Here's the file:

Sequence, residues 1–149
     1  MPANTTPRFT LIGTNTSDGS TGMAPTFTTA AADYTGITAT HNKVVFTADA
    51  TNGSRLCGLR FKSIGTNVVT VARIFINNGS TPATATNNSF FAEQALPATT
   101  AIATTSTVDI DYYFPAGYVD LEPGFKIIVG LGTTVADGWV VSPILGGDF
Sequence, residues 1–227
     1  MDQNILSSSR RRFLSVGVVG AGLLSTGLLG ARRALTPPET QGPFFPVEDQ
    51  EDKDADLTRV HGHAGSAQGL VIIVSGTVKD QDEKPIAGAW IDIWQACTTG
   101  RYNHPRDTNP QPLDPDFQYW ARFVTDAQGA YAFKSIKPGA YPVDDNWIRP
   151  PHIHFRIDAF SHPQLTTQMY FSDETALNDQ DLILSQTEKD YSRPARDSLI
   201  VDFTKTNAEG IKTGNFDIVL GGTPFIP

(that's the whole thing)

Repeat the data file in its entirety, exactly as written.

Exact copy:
Sequence, residues 1–149
     1  MPANTTPRFT LIGTNTSDGS TGMAPTFTTA AADYTGITAT HNKVVFTADA
    51  TNGSRLCGLR FKSIGTNVVT VARIFINNGS TPATATNNSF FAEQALPATT
   101  AIATTSTVDI DYYFPAGYVD LEPGFKIIVG LGTTVADGWV VSPILGGDF
Sequence, residues 1–227
     1  MDQNILSSSR RRFLSVGVVG AGLLSTGLLG ARRALTPPET QGPFFPVEDQ
    51  EDKDADLTRV HGHAGSAQGL VIIVSGTVKD QDEKPIAGAW IDIWQACTTG
   101  RYNHPRDTNP QPLDPDFQYW ARFVTDAQGA YAFKSIKPGA YPVDDNWIRP
   151  PHIHFRIDAF SHPQLTTQMY FSDETALNDQ DLILSQTEKD YSRPARDSLI
   201  VDFTKTNAEG IKTGNFDIVL GGTPFIP